Thirty years ago, Theresa Galvin was just beginning her career as a NYC-based dietitian when an AIDS-designated unit opened in the long term care facility where she worked. Despite what she calls the "happenstance" aspect of her work in HIV/AIDS care, it is a role to which she has developed a deep connection. Galvin is now the community HIV nutritionist and supervisor of nutrition services for Village Care Certified Home Health Agency and serves as the Ryan White grant program manager. Despite advances in HIV/AIDS care, Galvin says, "We still have an epidemic. I know people think that’s a radical statement, but I only know what I know."
Q: How has your work evolved over the course of your career?
It was the 1980s and the beginning of the AIDS epidemic. The expectation at the time was patients admitted (to my facility) were merely sent there to live out the remainder of their short lives. Today the face of HIV/AIDS presents differently: Replacing “clear and imminent death” of the early days is now “living with HIV,” but typically with a host of multiple co-morbidities. This poses new challenges to treatment, management and outcomes.
Q: How has your work made a difference in your community?
The difference is measurable: fewer AIDS-related deaths, fewer people becoming homebound, less malnutrition and wasting, more medications and overall improvement in immune functioning. And since HIV and malnutrition essentially impact the same components of the immune system, I like to think that nutrition has been a big part of that success.
Q: Is there a particular anecdote that would illustrate why this work is so important?
If I had to pick one it would be a patient I called the “Marlboro Man.” I worked with him over the course of a month. At what would be my last clinic visit with him, he broke down and cried. He had just seen the doctor: His T cells were “like a handful of M&Ms,” and the AZT wasn’t working anymore. He was fearful, alone and apparently had endured his journey alone and in silence. That’s what HIV stigma looks like.
A week later he was in the ICU, on a ventilator. I went right up to see him. I know that a month is not a long time to know someone, but in those days it was all about the quality of time spent with a patient. Unable to speak but totally lucid, he tried first to speak, then to write in the air. He then got teary-eyed and signed to me. At the time I was living across the street from a School for the Deaf, and stopped there after work, trying to repeat his gestures. The guy smiled and said, “It means I love you.” I was overcome by emotion.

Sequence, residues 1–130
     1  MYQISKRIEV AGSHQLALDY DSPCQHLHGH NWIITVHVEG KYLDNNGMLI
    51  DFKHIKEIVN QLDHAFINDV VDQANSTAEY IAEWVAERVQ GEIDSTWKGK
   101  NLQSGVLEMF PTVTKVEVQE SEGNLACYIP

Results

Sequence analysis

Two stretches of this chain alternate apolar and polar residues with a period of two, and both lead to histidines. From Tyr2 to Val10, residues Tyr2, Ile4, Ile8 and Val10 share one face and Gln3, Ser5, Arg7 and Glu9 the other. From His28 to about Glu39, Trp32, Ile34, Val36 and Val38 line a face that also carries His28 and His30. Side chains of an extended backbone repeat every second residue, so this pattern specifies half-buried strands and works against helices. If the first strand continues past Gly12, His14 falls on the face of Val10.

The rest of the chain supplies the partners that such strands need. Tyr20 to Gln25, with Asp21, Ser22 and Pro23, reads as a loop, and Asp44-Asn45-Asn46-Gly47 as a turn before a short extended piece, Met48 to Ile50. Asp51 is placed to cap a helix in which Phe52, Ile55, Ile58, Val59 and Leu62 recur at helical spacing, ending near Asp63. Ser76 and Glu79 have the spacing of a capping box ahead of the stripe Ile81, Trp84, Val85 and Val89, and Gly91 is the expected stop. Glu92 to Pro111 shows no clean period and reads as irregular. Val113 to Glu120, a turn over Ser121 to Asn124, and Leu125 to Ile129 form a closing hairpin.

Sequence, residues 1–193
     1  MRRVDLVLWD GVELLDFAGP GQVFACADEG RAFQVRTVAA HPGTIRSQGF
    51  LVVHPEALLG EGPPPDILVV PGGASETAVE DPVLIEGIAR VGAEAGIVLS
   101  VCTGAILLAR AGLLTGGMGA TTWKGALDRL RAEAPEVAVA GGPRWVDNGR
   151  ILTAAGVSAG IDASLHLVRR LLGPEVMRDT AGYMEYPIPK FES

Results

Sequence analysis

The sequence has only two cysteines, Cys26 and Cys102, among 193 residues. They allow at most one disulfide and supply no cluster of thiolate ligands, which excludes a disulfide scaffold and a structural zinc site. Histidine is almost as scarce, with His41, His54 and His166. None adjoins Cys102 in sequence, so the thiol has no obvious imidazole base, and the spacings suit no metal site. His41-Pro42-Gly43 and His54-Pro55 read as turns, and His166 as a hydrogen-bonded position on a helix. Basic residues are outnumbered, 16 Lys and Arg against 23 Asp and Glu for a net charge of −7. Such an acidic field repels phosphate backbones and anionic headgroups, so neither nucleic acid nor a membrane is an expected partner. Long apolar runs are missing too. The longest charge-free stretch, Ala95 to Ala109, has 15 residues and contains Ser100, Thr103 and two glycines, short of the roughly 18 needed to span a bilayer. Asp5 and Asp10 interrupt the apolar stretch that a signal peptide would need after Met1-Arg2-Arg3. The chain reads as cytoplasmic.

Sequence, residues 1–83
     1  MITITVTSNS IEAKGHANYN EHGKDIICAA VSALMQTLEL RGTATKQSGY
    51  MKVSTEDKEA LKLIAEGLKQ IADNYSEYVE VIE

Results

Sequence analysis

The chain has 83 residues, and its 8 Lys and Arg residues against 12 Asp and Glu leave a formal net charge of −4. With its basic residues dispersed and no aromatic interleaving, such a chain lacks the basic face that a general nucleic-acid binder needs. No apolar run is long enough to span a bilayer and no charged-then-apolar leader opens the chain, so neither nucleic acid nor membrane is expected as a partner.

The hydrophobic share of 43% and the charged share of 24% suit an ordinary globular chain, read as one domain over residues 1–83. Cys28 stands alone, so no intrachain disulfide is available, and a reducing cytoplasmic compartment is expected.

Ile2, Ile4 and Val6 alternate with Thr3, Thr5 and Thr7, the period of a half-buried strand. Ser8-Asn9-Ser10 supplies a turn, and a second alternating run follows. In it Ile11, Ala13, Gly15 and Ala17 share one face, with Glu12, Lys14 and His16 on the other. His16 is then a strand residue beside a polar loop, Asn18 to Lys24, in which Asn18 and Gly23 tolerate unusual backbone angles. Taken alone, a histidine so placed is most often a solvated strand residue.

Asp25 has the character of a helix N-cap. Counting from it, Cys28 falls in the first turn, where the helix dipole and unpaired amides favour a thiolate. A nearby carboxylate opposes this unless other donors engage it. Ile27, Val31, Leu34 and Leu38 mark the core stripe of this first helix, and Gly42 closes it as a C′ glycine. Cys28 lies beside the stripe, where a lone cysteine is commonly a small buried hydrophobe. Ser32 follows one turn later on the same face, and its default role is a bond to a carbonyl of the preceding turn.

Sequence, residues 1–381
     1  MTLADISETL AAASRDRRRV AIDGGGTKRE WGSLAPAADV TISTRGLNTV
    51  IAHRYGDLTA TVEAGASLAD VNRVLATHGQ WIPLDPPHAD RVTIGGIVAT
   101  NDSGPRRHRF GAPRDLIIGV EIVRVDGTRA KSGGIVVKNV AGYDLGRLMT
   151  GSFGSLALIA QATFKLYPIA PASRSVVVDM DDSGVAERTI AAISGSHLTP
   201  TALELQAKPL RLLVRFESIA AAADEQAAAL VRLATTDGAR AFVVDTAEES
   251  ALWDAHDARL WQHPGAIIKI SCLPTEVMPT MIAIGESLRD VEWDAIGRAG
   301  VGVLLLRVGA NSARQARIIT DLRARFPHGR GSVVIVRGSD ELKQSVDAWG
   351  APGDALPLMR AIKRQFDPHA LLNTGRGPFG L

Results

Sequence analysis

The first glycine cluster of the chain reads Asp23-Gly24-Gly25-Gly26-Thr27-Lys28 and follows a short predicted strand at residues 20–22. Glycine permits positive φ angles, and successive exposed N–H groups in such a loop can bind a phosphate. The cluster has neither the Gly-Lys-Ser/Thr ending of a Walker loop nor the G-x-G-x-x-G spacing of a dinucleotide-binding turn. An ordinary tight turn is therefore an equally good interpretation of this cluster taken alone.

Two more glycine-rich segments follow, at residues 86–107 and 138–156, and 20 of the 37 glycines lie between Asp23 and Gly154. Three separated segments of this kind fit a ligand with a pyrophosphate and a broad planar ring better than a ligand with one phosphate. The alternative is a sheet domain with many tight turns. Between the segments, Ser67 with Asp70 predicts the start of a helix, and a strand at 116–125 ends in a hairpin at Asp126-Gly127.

The next day Mr. Marlboro was gone. This, like so many patient losses over the years, taught me a lot of life lessons — it shaped my perspective on living, dying and impermanence; the importance of quality versus quantity; and a great deal of compassion, humility and gratitude for the simplest acts of kindness. It is something I like to think I carried on with me in patient care.
Q: What do you find most rewarding about your efforts?
The circuitry of birth to death is so very profound — it is the one thing that all humanity shares. Every HIV-infected person encountered in my almost 30 years of HIV/AIDS care touched me in their special, indelible ways. It has truly been a privilege to companion them on their most intimate of travels that, for many, brought them to their journey’s end.
Q: Looking ahead, how would you like to see your project develop or grow?
[Editor's note: Galvin was interviewed at the time of the government shutdown.]
For me, thinking ahead to any day beyond the current day seems overwhelming and incomprehensible. And if it feels that way to me, then it is surely magnified 20 more times for the patients we care for. I may not have a lot of control over what is happening at the government level, but I do have control over what is happening at my own level. We must reinvent ourselves given the current climate — for me that means donning my old hat of AIDS advocacy with a new and reignited fire and asking my colleagues to join me.